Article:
Tuesday, 19 February, 2019

Higher education's int'l admission benefits U.S. in diversity, finance

21 Jan 2018, 20:25 ( 21 Jan, 2018)

By Huang Chao, Gao Lu, Xia Lin

A graduate at University of Southern California (USC), Roberto Romero from Santa Cruz, Bolivia, clearly sees his contribution to the diversity of the U.S. higher education, let alone the financial benefits derived from the plethora of international students at its universities and colleges.

"A diverse student population is good for any economy. You have different perspectives. You understand the whole world consumers," said Roberto, who has lived in four continents, speaks five languages and now pursues his communication degree in California. This is the U.S. state most concentrated and diversified in foreign learners.


The annual Open Doors Data released in November by the Institute of International Education of the United States (IIE) showed that 1.08 million foreign students were studying at U.S. higher education organizations in the academic year of 2016/17, a number on rise for 11 years in row.

"We definitely bring cultural diversity here to the college which makes America an inclusive country, and that can really go to the development of the whole country," Fan Yilan, a Chinese student at the University of Texas (UT) at Austin, told Xinhua.

The current figure from IIE was a hike of 3.4 percent compared with the previous year, though the weakest growth in the past seven years and much slimmer than the 7 to 10 percent annual increase during the peak times.  

Joyce Wang, a Chinese student at USC, told Xinhua that the diversity in U.S. higher education is beneficial in dual ways.

"I've learned a lot about all different cultures in the U.S., because I got the chance to meet different people like Americans or Europeans, even other Asians," said Joyce, whose university used to accommodate the largest body of international students among its ranks. Meanwhile, California is the largest host state for international students in the United States.

"International students benefit U.S. communities, colleges and universities, in many ways. Their diverse perspectives help enrich classroom learning for U.S. students." said the IIE report.

"We need to develop the talent and skills necessary for the 21st century careers. It is in our national interest to build and grow the international relationships and networks that are key to addressing the global challenges and opportunities we face going forward," it added.


In 2016, international students brought 39 billion U.S. dollars to the United States economy, through their spending on tuition, boarding and living expenses, according to the U.S. Department of Commerce.

Among the total, 12.25 billion U.S. dollars were paid by Chinese students.

"A California resident only needs to pay a little bit more than 10,000 U.S. dollars per year to study at USC, but an international student needs to pay more than 55,000 U.S. dollars per year,"  Joyce Wang told Xinhua.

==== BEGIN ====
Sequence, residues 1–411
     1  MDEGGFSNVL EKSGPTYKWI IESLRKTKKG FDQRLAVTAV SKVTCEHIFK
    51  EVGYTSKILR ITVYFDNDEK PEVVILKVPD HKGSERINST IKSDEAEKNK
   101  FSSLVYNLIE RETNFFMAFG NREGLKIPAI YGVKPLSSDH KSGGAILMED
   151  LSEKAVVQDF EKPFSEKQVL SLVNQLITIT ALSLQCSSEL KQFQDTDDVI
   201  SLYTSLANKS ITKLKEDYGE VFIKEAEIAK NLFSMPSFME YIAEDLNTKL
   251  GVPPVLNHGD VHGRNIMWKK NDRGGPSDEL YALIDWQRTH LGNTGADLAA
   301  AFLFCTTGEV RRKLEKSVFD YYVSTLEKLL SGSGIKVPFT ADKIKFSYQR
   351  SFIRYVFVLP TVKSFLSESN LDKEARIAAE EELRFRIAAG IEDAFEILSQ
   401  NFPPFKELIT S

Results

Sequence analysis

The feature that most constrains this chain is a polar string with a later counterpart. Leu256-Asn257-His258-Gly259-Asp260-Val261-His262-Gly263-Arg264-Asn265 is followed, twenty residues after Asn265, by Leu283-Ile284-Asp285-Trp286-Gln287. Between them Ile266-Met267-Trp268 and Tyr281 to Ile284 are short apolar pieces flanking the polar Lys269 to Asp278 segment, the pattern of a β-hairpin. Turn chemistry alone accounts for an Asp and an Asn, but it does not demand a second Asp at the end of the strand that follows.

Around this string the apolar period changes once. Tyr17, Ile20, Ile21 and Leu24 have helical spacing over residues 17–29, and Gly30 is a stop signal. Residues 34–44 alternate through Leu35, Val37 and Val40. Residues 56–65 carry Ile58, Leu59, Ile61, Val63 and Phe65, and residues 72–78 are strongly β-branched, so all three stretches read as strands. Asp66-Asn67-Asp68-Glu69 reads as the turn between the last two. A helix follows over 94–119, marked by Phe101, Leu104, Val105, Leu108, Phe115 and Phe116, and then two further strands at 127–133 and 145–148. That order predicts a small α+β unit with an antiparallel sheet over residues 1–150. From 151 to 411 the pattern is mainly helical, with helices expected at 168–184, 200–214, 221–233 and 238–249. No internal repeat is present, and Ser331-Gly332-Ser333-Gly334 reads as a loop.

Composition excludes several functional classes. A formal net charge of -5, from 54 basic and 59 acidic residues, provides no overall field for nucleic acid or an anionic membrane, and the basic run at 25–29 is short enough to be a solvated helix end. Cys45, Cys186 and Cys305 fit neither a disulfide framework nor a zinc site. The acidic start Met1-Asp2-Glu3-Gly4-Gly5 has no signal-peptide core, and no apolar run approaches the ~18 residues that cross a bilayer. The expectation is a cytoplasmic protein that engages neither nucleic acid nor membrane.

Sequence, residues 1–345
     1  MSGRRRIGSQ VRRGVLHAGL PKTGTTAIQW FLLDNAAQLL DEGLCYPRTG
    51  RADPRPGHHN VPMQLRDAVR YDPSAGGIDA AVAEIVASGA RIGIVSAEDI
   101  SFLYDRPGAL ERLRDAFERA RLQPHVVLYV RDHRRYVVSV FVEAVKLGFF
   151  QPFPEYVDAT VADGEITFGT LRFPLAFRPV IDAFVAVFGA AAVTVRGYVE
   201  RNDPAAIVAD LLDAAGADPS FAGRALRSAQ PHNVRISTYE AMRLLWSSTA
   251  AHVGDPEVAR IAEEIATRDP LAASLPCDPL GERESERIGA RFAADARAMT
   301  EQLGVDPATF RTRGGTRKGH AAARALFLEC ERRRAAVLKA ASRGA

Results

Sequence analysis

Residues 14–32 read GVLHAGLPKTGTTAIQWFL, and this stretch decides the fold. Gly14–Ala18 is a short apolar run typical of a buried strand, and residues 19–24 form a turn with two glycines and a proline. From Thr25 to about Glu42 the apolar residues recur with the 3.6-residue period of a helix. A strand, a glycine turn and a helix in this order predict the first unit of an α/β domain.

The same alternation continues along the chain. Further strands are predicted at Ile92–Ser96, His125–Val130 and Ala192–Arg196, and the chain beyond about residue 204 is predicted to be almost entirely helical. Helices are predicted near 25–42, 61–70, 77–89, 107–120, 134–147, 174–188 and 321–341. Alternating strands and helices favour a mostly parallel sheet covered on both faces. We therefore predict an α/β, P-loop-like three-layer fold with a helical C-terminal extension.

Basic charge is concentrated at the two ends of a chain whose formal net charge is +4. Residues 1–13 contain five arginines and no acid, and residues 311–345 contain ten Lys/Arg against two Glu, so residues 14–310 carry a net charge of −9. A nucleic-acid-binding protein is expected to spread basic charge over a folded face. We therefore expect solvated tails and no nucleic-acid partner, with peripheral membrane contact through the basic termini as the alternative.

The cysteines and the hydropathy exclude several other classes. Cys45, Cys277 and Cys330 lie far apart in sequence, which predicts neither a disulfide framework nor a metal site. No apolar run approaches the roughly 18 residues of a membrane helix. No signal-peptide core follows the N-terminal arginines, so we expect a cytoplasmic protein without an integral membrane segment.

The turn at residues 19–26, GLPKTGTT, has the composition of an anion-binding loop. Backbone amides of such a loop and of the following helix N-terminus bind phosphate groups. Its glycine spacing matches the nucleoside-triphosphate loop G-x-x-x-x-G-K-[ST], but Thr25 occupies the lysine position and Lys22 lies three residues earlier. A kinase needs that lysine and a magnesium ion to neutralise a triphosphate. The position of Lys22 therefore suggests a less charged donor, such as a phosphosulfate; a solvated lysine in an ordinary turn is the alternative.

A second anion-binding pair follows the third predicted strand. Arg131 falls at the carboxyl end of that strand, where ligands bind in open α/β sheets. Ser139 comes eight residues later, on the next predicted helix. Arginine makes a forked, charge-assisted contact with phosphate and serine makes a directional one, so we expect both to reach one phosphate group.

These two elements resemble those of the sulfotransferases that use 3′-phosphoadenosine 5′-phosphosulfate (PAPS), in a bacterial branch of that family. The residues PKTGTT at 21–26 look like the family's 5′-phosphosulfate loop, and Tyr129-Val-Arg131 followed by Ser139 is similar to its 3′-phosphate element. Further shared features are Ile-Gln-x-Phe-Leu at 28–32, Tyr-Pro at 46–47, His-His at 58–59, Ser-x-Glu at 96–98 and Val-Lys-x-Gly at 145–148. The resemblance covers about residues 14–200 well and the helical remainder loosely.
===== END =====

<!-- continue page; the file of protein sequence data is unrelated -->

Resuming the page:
The New York Times recently reported that "for years, American colleges had been staking their futures on continued growth in foreign students, and after the recession a decade ago, those students were a lifeline for colleges that had poured money into new buildings and amenities."


In addition, major industries have grown largely with the support of International students who are employed in the U.S. after graduation.

"The stream of very talented graduates from good universities grow across the industries. Certainly, tech start-ups in whichever field benefit from having access to those who have strong skills, whether it's in engineering, communication or business," Ben Lee, Associate Director of Master of Communication Management Program at USC, told Xinhua.

Roberto on his part thought higher education in the United States is world-oriented.

"In California, we have Hollywood and Silicon Valley. That's basically where the whole world is consuming. I think that's a great advantage of studying and working here in the United States, like having this influence on the whole world," he added.

U.S. higher education features top quality and inclusiveness, which is why it gets millions of foreign students to its campus and in result generates billion of dollars for its economy.

According to the IIE, the top places of origin for international students studying in the United States were China, India, South Korea, Saudi Arabia, Canada, Vietnam, Japan, Mexico and Brazil.

The top host states were California, New York, Texas, Massachusetts, Illinois, Pennsylvania, Florida, Ohio, Michigan and Indiana, it added.

"You have to have the perspectives of different people from different countries in order to reach to them successfully as well," said Roberto.

Drawing talents from the world while benefiting the world with the talents it educates at expense - such a cycle works for years, making America a dream land that learners of other countries love and pursue undergraduate and graduate degrees at cost.

"If you have money and you want great education, you can come,"  Roberto quipped in an earthy way